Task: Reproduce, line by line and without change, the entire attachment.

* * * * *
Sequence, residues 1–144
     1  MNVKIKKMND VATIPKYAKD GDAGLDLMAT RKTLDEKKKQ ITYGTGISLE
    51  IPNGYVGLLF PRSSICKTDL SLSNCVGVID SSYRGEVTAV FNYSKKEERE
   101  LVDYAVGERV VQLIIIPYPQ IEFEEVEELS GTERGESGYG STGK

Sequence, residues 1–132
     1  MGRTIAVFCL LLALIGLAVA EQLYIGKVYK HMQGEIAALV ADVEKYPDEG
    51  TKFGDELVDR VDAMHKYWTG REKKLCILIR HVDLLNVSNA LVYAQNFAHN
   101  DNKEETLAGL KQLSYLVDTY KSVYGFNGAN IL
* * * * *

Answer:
Sequence, residues 1–144
     1  MNVKIKKMND VATIPKYAKD GDAGLDLMAT RKTLDEKKKQ ITYGTGISLE
    51  IPNGYVGLLF PRSSICKTDL SLSNCVGVID SSYRGEVTAV FNYSKKEERE
   101  LVDYAVGERV VQLIIIPYPQ IEFEEVEELS GTERGESGYG STGK

Sequence, residues 1–132
     1  MGRTIAVFCL LLALIGLAVA EQLYIGKVYK HMQGEIAALV ADVEKYPDEG
    51  TKFGDELVDR VDAMHKYWTG REKKLCILIR HVDLLNVSNA LVYAQNFAHN
   101  DNKEETLAGL KQLSYLVDTY KSVYGFNGAN IL